AI increases complexity as enterprises need to figure out how to store, connect, and move their data in hybrid clouds that will leverage AI.

This complexity, along with the rapid shift to hybrid work spurred by COVID, has triggered a wave of innovation in networking – perhaps more innovation than we have seen in decades. Startups are drawing large funding rounds. Best-of-breed established networking players such as Arista Networks, Extreme Networks, Juniper Networks, and HPE are building new networking and security products and chipping away at the market share of market leader Cisco. Cisco is responding in kind. Sources tell me they think Cisco’s acquisition of Valtix may be the most interesting in years.

All of this sets the stage for the most dynamic networking environment I’ve seen in decades. And it’s only going to get more interesting, as the AI and hybrid work wave makes networking more crucial.

The melding of security and networking remains hot. In the software-defined networking (SD-WAN) and Secure Access Service Edge market, potential Initial Public Offering (IPO) companies such as Aryaka Networks, Cato Networks, and Versa Networks are building our product suites to help secure remote workers and cloud connectivity. These companies will also help enterprises connect to cloud on-ramps and consolidate security functions with a SASE approach. Versa last October tanked up with $120 in funding in what it called a “pre-IPO round.”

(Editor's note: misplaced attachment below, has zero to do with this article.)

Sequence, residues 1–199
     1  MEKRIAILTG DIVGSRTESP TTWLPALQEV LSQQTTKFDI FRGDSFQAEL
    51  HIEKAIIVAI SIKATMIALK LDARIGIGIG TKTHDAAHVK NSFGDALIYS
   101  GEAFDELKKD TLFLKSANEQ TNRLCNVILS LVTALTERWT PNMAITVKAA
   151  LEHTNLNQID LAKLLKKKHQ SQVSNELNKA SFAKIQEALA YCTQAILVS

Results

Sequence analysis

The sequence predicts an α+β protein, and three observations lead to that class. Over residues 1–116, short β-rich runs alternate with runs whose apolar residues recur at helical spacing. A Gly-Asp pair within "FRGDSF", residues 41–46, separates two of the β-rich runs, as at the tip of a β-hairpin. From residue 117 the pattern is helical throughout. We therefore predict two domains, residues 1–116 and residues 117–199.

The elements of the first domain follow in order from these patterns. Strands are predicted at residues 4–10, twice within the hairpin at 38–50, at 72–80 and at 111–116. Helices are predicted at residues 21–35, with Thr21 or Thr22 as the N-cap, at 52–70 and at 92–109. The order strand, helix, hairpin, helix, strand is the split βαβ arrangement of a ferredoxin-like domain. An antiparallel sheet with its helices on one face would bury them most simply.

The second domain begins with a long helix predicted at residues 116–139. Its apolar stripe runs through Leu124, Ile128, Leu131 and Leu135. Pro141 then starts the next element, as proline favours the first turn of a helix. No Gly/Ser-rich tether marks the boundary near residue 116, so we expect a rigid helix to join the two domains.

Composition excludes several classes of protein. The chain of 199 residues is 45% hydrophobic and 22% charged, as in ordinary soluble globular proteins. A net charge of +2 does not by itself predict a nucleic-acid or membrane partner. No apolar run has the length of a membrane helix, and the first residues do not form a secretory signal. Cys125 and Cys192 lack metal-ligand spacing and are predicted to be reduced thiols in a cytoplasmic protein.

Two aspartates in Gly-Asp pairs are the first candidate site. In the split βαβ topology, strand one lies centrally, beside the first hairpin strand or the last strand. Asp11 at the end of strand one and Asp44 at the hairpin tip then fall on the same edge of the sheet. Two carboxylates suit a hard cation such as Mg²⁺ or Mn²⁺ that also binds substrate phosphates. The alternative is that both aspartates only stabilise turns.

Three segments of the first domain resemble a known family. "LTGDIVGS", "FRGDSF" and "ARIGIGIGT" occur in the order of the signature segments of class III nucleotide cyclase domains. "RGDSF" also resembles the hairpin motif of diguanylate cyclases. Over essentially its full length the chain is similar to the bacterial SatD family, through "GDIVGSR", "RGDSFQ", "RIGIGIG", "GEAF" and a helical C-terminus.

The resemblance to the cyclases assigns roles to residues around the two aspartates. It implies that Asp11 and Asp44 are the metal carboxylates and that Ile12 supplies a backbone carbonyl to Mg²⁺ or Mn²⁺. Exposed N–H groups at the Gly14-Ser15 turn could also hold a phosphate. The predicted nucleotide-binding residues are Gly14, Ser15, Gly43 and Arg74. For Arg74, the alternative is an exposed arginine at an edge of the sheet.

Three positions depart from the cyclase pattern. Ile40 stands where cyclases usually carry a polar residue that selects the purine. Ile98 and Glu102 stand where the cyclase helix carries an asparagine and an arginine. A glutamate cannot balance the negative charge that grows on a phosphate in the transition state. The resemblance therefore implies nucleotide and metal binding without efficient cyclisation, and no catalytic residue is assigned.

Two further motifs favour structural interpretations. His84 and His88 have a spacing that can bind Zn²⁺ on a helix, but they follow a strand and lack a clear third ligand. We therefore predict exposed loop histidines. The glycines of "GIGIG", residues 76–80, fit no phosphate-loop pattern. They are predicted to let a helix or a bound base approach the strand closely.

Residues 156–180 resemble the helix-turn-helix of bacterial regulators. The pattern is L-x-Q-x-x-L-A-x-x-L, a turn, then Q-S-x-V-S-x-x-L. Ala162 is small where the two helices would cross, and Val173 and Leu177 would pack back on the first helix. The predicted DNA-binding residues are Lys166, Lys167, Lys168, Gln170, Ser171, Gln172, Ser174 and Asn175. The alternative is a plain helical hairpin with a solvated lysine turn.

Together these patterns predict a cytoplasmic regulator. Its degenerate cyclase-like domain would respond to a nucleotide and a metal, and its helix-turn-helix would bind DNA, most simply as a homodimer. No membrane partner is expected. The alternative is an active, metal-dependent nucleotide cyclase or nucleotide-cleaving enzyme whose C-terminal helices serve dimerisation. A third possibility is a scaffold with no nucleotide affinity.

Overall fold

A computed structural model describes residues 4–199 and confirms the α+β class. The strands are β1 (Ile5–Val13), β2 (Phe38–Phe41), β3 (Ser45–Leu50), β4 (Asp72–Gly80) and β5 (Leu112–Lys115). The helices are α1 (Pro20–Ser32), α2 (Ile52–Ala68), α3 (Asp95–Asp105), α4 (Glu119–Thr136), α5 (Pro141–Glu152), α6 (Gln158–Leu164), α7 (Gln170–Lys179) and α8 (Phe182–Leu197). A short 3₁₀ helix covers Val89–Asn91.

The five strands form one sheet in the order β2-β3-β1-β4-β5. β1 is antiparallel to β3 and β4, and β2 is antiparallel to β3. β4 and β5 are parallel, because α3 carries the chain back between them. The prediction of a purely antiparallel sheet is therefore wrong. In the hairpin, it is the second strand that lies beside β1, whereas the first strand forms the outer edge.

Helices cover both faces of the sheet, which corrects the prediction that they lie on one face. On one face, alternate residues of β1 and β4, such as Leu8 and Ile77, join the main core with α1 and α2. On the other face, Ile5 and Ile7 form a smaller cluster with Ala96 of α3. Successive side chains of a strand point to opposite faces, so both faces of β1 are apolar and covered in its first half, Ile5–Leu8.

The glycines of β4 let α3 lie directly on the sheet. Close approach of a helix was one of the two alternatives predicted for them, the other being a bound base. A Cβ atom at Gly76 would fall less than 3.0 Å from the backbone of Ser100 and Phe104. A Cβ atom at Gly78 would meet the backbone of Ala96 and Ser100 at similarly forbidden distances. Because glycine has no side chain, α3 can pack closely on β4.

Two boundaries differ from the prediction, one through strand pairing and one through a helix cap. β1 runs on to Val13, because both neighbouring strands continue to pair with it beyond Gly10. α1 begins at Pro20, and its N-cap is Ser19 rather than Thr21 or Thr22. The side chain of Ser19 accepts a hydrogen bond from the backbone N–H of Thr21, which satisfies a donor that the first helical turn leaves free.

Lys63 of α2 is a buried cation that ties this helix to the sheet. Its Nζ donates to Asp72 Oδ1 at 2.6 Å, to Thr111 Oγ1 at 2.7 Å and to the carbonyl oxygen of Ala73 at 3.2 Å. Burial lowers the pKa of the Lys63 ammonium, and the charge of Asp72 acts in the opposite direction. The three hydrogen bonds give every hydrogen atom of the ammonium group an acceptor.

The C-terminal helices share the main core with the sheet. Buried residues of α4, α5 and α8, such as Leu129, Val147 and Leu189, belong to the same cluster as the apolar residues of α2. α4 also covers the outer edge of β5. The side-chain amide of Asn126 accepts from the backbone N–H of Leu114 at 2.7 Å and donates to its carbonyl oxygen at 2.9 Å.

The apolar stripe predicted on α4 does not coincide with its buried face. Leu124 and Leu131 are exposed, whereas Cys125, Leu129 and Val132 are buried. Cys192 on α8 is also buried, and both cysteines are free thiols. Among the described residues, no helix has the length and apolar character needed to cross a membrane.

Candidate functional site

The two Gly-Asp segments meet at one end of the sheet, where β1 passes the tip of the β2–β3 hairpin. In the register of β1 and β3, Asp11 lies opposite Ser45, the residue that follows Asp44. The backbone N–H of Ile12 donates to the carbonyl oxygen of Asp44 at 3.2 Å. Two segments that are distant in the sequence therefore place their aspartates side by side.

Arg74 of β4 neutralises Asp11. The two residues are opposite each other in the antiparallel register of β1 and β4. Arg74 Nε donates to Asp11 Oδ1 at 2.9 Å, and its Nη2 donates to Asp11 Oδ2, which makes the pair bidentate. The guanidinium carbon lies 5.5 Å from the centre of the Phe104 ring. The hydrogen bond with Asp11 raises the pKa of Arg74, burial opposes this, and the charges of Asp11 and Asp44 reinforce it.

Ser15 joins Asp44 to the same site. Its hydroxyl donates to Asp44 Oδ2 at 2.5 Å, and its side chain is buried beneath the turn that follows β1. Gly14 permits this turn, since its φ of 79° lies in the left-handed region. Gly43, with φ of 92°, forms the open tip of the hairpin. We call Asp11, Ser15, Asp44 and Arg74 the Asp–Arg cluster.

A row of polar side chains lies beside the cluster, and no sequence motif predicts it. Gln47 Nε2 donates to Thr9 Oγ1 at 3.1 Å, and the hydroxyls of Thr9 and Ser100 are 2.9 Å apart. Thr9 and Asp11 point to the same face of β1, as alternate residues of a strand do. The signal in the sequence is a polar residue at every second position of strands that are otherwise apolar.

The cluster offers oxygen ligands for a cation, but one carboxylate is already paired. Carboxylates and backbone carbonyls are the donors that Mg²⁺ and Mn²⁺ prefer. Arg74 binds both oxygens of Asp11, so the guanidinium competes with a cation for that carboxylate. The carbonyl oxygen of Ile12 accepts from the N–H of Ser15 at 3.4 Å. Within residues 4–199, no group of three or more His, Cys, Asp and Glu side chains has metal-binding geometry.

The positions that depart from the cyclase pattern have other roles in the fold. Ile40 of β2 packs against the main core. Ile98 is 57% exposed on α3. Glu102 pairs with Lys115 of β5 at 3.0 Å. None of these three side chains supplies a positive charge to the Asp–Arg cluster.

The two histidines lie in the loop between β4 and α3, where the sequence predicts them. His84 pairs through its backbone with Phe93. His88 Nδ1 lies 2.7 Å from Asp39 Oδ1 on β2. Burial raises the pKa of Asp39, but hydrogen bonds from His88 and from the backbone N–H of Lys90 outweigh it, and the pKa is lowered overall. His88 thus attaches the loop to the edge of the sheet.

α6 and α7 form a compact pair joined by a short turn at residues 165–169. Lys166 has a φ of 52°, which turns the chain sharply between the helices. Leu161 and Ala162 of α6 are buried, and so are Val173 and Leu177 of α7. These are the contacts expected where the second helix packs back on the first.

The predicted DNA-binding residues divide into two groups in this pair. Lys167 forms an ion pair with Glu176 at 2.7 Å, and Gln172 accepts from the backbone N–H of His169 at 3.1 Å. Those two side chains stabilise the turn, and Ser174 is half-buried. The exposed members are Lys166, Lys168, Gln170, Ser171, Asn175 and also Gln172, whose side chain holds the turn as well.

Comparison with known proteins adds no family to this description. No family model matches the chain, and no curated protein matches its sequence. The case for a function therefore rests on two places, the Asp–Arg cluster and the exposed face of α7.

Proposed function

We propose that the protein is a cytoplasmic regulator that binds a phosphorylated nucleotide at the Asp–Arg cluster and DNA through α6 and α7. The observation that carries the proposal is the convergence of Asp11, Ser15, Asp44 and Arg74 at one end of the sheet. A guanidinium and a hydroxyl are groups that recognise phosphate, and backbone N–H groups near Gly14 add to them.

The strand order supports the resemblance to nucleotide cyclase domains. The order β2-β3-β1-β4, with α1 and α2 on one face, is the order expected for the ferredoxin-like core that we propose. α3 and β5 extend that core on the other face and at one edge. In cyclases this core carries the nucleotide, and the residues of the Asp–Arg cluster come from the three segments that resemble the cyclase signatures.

Many of the cloud networking startups that are included in the Futuriom 50 list of promising cloud innovators are using this chaotic moment to shore up strategies, raise money — or both.

For example, just this week, cloud-native networking start-up Arrcus announced that Hitachi Ventures would invest additional capital, raising its Series D to $65 million before it closes. Arrcus says its Arrcus Connected Edge (ACE) platform will be more economical for cloud providers and service providers deploying services such as 5G and AI. It claims it is growing revenue 100% year-over-year.

Other cloud networking startups are also going after AI. DriveNets recently announced that its Network Cloud-AI solution, which uses cloud-based Ethernet-based networking to boost the performance of AI clouds, is in trials with major hyperscalers.

Cost optimization, one of the strongest themes of the year in cloud technology, is another focus for cloud networking players. Cloud networking pioneer Aviatrix has beefed up security and cost-optimization features and launched a distributed firewall to help enterprises reduce the costs of cloud networking infrastructure. Prosimo last week made an interesting play to get its application-layer cloud networking suite in the hands of more users by launching a free, introductory-level version of its product called MCN Foundation.